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Former WA AG McKenna cherished arguing cases before Justice Ginsburg

Members of the public pay respects to Associate Justice Ruth Bader Ginsburg as her flag-draped casket rests on the Lincoln catafalque on the west front of the U.S. Supreme Court Sept. 23, 2020 in Washington, DC. Ginsburg died Sept. 18 at the age of 87 after a long battle against cancer. (Photo by Alex Wong/Getty Images)

When he was serving in the position, former Washington State Attorney General Rob McKenna argued several cases before Supreme Court Justice Ruth Bader Ginsburg. He joined Seattle’s Morning News to discuss his respect for her thoughtfulness and the time she called out an opposing counsel.

“I would say that she is the least intimidating of the justices I appeared before because she speaks very softly, she’s diminutive in stature, she was very polite with her questions. I would contrast her to her best friend in the court, Justice Scalia, who was very intimidating. I once said that when he leans over — you’re only about 10 feet away from the justices — when he leans over and bears down on you, I thought I was going to burst into flame,” McKenna joked.

“I just had the greatest respect for [Ginsburg] because she not only really mastered the laws, as they all do … but she was also a master of the record in the case, the facts,” he added.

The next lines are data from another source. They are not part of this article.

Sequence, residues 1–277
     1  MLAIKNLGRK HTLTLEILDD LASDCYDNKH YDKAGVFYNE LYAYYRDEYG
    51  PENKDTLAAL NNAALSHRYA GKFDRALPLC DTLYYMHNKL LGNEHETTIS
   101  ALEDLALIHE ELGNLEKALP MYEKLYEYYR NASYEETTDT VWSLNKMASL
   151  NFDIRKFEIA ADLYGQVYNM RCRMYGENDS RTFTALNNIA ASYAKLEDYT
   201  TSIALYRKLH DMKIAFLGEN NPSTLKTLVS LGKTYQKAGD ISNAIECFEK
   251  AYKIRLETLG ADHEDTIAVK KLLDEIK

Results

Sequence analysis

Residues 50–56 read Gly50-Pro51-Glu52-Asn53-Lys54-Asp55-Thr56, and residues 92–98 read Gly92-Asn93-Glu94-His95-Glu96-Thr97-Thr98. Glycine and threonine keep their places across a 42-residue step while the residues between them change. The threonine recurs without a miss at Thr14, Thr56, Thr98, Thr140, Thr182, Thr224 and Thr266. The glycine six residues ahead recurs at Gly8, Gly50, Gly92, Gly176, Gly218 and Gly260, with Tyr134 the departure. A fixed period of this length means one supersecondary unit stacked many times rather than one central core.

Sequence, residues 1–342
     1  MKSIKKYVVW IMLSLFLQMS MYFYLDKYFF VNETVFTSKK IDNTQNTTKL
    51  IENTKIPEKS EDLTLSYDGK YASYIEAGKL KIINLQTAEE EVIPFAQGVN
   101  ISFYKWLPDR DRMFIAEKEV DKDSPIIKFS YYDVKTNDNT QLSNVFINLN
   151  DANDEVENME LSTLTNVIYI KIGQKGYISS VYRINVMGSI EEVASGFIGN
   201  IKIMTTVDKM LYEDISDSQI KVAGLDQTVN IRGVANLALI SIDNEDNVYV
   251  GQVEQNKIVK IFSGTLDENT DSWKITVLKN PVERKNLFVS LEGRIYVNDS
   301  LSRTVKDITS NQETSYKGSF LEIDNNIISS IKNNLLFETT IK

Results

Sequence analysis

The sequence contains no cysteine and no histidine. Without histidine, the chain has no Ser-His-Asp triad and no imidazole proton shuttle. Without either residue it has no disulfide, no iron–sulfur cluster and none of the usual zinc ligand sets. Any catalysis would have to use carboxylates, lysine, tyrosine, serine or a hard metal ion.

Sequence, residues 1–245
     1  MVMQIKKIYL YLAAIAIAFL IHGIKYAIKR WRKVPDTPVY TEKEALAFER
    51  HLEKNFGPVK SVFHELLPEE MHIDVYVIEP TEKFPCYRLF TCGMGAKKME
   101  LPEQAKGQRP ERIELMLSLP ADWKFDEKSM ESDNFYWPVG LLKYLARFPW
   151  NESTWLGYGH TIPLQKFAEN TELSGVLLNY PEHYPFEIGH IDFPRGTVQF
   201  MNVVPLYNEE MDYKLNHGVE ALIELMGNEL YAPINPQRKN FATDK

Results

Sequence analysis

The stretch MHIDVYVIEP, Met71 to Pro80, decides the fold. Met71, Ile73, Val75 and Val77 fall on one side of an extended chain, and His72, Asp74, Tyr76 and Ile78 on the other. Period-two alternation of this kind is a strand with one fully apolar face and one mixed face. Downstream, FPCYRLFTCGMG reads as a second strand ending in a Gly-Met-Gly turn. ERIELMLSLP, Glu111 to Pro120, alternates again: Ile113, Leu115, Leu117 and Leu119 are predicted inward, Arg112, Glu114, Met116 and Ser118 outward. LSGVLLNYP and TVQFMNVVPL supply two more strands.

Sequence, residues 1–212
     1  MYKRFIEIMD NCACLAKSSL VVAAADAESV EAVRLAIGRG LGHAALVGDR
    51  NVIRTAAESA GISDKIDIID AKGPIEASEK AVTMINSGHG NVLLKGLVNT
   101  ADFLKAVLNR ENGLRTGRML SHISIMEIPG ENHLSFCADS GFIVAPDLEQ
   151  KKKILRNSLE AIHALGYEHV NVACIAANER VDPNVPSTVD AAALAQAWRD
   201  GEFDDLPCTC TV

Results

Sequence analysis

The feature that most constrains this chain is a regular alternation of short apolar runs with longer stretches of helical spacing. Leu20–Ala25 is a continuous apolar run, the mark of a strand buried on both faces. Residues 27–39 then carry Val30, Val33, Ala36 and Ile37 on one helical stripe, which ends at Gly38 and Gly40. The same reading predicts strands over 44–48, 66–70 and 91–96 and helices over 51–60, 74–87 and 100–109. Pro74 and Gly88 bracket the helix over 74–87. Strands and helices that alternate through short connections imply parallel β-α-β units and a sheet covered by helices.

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McKenna recalled a particular experience in which his opposing counsel didn’t quite know his stuff, and Ginsburg called him out on it.

“In my third argument, my opposing counsel was up delivering his argument, and Justice Ginsburg asked him a question about the underlying facts in the case,” McKenna recalled. “He evidently didn’t know the answer because he made one up … He just guessed, I’ll put it kindly.”

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“So she opens what’s called the appendix, which is the record in the case,” McKenna said. “She goes to the exact page, points to the sentence, and reads it out loud, contradicting what he just said. In other words, she knew what the answer was before she asked the question, and he made the mistake of guessing when he didn’t know the answer, and she just destroyed him. I just was so impressed by her amazing recall, her memory, not just of the law, but of the underlying factual record in the case.”

Of course, McKenna couldn’t help but admire her for a self-serving reason as well.

“I also have to admit that I have a soft spot for her because she voted my way all three times,” he said. “But so did Chief Justice Roberts; she wasn’t the only one. There was no smarter, more thoughtful justice on the court when she served. There are a lot of them who are smart and thoughtful, but no one surpassed her, that’s for sure.”

Listen to Seattle’s Morning News weekday mornings from 5 – 9 a.m. on KIRO Radio, 97.3 FM. Subscribe to the podcast here.

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